Cocoapods Explained: Plugins

In the previous post, we talked about Podfile. In this post, we will look into CocoaPods plugins.

Back in early days, very few maintainers maintain quite some features. It was difficult for them to stick to the main goals of the project given a number of features being requested. Some features definitely benefit a group of users but they don’t quite fit in the picture of a dependency manager.

Instead of rejecting them, CocoaPods provided the support for plugins. With the plugin architecture, one can extend CocoaPods usage on their own. This helps not only ease the burden on the maintainers but also gives more freedom to community.

What is a CocoaPods plugin?

A plugin is a just a ruby gem having a file cocoapods_plugin.rb in its gem’s lib directory. This file is loaded when running any pod command such as pod install or pod --help.

For example, cocoapods-search is a CocoaPods plugin to search multiple pod spec repos for specific pods matching a query. Its directory is as follows:

--- lib --- cocoapods-search ---
       |--- cocoapods-search.rb
       |--- cocoapods_plugin.rb     # <-- HERE

This cocoapods_plugin.rb file is the entrypoint to load the actual implementation of the plugin. Therefore, most of the time you will see the content just like this:

require "cocoapods-search/command" # <-- Actual implementation resides in cocoapods-search/command.rb

To list the installed plugins, you can run pod plugins installed.

Figure 1. Listing installed plugins

Figure 1. Listing installed plugins

With a normal gem (ex. xcodeproj), you can magically turn it into a plugin by creating a cocoapods_plugin.rb file under its lib directory. Then, this gem should appear in the console when listing the installed plugins.

# Create a file in /Users/thuyen/.rbenv/versions/2.7.0/lib/ruby/gems/2.7.0/gems/xcodeproj-1.22.0/lib/cocoapods_plugin.rb
$ touch $(dirname $(gem which xcodeproj))/cocoapods_plugin.rb

$ pod plugins installed

Installed CocoaPods Plugins:
    - cocoapods-deintegrate    : 1.0.5
    - cocoapods-plugins        : 1.0.0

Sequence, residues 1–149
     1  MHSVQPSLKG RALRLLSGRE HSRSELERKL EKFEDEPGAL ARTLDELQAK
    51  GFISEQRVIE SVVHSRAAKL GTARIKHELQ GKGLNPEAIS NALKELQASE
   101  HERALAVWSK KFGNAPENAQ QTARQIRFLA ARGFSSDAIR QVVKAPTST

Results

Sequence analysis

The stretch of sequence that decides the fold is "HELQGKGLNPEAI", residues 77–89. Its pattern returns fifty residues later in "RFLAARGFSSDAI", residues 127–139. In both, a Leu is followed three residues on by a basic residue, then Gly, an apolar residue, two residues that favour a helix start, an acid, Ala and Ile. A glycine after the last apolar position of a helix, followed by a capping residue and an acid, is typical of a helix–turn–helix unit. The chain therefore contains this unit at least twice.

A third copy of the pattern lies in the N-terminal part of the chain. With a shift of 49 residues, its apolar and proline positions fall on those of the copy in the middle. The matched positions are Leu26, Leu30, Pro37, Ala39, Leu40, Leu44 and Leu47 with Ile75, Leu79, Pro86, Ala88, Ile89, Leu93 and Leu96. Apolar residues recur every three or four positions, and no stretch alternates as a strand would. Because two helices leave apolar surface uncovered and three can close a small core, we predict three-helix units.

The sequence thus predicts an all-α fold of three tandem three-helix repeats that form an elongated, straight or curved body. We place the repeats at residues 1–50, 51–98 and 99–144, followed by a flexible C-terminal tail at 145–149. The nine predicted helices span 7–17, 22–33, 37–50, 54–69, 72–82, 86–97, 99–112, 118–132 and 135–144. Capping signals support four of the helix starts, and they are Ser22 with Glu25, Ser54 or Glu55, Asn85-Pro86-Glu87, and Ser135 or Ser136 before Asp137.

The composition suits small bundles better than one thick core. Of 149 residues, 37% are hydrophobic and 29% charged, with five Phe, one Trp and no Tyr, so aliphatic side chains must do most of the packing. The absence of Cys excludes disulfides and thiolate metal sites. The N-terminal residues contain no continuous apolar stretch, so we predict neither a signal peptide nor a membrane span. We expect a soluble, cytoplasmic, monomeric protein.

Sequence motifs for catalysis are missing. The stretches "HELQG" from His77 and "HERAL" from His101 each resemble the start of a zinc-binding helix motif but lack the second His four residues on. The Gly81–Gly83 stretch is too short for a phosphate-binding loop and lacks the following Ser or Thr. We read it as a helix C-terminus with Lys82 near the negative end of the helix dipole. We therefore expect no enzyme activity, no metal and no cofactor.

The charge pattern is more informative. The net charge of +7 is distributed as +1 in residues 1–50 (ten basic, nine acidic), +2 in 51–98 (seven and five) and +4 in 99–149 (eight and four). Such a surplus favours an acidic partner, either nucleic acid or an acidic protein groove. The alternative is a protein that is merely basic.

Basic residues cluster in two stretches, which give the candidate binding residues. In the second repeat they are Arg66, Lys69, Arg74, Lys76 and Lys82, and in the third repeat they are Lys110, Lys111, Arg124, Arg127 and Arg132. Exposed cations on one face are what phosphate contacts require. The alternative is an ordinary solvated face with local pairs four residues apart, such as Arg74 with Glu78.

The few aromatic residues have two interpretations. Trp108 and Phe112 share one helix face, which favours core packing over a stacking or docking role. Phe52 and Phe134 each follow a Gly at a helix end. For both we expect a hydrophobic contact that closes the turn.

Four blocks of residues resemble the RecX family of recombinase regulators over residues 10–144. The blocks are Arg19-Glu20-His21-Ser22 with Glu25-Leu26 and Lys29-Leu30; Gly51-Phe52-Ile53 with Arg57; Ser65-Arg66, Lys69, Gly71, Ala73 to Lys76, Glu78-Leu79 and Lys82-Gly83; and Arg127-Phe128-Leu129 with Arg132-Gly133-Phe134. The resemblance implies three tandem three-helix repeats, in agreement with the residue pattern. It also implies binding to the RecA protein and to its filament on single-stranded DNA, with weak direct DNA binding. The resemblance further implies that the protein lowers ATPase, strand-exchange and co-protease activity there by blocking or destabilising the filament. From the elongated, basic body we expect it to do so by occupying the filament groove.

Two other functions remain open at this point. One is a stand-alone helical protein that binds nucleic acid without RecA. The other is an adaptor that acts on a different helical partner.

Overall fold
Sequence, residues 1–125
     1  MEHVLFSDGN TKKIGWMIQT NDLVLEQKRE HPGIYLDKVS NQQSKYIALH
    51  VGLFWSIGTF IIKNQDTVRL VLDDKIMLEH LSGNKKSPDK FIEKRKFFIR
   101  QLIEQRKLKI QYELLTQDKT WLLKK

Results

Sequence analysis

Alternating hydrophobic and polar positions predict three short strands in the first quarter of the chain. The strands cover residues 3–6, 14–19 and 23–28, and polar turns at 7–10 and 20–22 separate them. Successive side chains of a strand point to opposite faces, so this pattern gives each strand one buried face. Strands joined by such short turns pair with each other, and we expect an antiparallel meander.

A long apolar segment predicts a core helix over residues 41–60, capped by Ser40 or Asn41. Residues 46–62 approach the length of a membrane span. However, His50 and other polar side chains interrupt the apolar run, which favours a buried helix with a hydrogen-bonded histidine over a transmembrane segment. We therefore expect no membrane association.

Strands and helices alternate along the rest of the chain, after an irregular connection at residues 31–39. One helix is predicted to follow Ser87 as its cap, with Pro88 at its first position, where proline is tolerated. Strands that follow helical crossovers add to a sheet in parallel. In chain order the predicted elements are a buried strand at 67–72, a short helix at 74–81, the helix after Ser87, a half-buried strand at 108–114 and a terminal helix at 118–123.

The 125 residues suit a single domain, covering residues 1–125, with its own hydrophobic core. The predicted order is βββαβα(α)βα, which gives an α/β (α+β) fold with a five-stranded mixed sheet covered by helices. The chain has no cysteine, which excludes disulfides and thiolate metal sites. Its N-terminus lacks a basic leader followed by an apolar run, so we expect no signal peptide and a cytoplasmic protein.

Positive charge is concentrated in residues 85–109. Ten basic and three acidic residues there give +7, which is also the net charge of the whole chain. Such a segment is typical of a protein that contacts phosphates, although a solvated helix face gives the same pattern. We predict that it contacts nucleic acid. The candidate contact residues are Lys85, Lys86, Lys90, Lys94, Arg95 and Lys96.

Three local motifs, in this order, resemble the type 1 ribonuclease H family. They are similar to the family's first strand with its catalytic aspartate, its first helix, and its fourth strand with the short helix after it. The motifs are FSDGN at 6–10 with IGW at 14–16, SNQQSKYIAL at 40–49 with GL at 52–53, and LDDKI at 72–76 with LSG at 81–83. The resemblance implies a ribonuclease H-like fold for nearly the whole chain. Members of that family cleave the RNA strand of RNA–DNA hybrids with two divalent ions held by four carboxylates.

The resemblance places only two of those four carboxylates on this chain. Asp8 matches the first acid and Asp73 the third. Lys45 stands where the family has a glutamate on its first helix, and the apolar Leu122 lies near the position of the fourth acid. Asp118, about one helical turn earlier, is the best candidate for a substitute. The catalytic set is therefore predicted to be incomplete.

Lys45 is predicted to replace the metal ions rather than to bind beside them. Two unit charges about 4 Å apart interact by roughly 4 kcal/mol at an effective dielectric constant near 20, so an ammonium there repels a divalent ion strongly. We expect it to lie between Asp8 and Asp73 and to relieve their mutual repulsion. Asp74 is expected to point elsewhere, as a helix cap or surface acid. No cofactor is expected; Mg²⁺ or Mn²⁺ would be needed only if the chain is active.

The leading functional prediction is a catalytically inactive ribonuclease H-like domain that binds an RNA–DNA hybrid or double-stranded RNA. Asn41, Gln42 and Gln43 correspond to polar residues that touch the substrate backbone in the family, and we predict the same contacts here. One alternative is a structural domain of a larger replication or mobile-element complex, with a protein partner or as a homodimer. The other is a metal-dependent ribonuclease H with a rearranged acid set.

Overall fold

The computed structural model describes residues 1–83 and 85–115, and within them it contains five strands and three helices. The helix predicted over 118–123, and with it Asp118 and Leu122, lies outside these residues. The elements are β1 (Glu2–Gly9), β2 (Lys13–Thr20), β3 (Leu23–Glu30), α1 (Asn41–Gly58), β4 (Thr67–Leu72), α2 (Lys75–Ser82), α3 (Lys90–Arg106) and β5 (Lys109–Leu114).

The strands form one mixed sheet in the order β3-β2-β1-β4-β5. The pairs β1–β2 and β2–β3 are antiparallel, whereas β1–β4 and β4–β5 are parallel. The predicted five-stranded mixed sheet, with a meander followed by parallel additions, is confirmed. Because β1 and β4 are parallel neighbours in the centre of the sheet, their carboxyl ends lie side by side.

- cocoapods-search         : 1.0.1
    - cocoapods-trunk          : 1.6.0
    - cocoapods-try            : 1.2.0
    - cocoapods-xcconfig-hooks : 0.0.1 (post_install hook)
    - slather                  : 2.7.2 (post_install hook)
    - xcodeproj                : 1.22.0     # <--- 👈 👈 👈

What can a CocoaPods plugin do?

First, you can tweak CocoaPods’s implementation. In the previous post, we mentioned the tweak in order to add the :xcode_migration option to the pod declaration. You can place the tweak in the plugin code instead.

Second, you can add new commands to the pod command. This is done by subclassing the Pod::Command class. For example, the following code allows the usage of pod analyze.

module Pod
  class Command
    class Analyze < Command # <-- Corresponding to the new command: pod analyze
      self.summary = "Analyze dependencies"

      def run
        # <-- Implementation goes here

Finally, a plugin can hook into the pod installation process via pre_install/post_install hooks. A hook is registered using the Pod::HooksManager.register method.

# In cocoapods_plugin.rb

Pod::HooksManager.register("<gem_name>", :post_install) do |installer|
  # <-- Implementation goes here

Such plugin hooks are similar to the hooks declared in Podfile using pre_install/post_install methods. However, they are slightly different in terms of execution order and scope. We’ll cover more of this matter in another post about pod installation.

As you can see in figure 1, cocoapods-xcconfig-hooks and slather are shipped with the hooks. However, a plugin’s hook can only be executed if that plugin is declared in Podfile as follows.

# In Podfile
plugin "cocoapods-xcconfigs-hooks"

Note that this plugin method only affects the registered hooks. The plugin code is always loaded regardless of whether this method is called or not.

How to create a plugin?

Working with CocoaPods plugins is just like working with gems. Just take a glance at the guides at during development. While writing plugin code, you might want to reference to cocoapods’s rubydoc and cocoapods-core’s rubydoc.

There are many CLIs that help create a gem at hand, for example, bundle gem cocoapods-foo or pod plugins create foo. Then, you just need to fill in some metadata.

Engineers sometimes place the gem code in the same project with iOS code for convenience. However, not all project contributors understand gem folder structure. They might get distracted by a scatter of non-iOS files even when only one of those files is of interest. In that case, you might consider using cocoapods-ezplugin without caring much about versioning, gemspec, and so forth.

When to consider writing a plugin?

Following are some examples:

For upcoming explanations for CocoaPods, stay tuned!